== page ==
They like to get together and they’ll sit there around the card table and smoke their pipes. Our customers are such a great bunch of people that the older lawyers, doctors, and business people don’t look down their nose at these 24 year old kids sitting there smoking pipes. It’s a very comfortable environment and we’re doing what we can for the people who’ve made the decision that they want to smoke a pipe and we’re going to make it as enjoyable as possible for them. Read the rest of this entry »
By Bob Tate
Note: Portrait is a house blend that is sold by Davidus. Davidus is a tobacconist chain that is located in Maryland. I try not to do reviews of tobacco blends that are not available to everyone, but Davidus.com does have an online store where you can purchase Portrait. There is not much information on this blend, so I am somewhat taking an educated guess on the tobacco contents and I am listing what it looks and tastes like to me*. This blend is only available in tins. From the look of the tin and the tobacco, I am guessing that this blend is made by McClelland Tobacco exclusively for Castro Brothers (Davidus). - Bob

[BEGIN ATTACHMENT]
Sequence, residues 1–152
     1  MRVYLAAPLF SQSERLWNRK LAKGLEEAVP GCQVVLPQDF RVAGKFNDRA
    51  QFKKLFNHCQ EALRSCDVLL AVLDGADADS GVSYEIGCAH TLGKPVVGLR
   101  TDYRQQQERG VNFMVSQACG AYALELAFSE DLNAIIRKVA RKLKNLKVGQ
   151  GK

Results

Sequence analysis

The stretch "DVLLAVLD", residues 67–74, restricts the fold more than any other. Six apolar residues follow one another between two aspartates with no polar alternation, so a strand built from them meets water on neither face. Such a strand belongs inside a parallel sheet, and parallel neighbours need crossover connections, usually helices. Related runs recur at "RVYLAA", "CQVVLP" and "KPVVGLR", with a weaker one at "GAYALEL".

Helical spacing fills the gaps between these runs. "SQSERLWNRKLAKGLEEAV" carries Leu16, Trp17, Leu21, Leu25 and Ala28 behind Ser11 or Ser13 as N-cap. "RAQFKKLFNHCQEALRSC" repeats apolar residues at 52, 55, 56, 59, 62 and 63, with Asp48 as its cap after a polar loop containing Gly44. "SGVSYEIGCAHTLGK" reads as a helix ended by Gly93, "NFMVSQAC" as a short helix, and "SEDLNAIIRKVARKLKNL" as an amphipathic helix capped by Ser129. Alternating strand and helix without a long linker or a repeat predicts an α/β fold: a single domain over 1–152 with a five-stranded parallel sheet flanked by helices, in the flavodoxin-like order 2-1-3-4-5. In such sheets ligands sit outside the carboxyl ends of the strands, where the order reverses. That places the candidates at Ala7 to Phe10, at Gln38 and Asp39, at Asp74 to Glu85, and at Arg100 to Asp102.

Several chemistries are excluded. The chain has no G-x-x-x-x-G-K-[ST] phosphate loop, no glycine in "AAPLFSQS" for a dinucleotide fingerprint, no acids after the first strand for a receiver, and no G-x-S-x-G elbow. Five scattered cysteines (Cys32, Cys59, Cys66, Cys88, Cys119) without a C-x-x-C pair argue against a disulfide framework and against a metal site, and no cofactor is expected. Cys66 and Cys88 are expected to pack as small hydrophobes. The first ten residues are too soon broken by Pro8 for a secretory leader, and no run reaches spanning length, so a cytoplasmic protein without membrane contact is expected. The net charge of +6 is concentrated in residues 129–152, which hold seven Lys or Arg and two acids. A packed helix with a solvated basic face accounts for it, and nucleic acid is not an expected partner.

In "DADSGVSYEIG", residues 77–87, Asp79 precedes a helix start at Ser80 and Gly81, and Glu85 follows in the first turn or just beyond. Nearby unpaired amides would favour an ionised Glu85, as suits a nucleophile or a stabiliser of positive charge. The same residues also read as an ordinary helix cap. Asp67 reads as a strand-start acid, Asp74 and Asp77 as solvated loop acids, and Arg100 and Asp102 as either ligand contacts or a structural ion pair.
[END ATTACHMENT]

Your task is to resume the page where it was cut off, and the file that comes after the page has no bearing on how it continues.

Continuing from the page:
The tin aroma of this blend is of a heavy, smoky Latakia with a hint of sweetness and spice. I also am picking up on a very slight hint of plums far in the background. The moisture content upon opening is a little on the moist side and some drying time would not hurt. I let this blend dry out for a bit before smoking it. I loaded my pipe using the two step method and proceeded to the charring light. Read the rest of this entry »
By Bob Tate
In part 1 of our interview with Russ Ouellette (Blendtobac), we talked about some of the things he has done before he got heavily involved in the tobacco industry. We also talked about how he got started blending pipe tobacco blends, how he maintains the consistency of his blends, some of the problems that he has acquiring certain tobacco components, and a few other things. Here, we pick up the interview where we left off in Part 1:
PipesMagazine (PM): What are some of the major changes that you have seen in the pipe industry over the years that you have been involved?
Russ: Certainly from the pipe end of things, some of the old brands are not quite what they used to be, but there are still a lot of wonderful pipes out there. I think one of the best things to happen is that we’re seeing more individual carvers around the world. There weren’t that many individual artisans in the US in the 70’s even though the market was pretty strong. It was mostly mass manufactured, even though a lot of those brands produced wonderful quality pipes. But now we’re seeing a lot more one-of-a-kind freehand pipes by very, very talented carvers.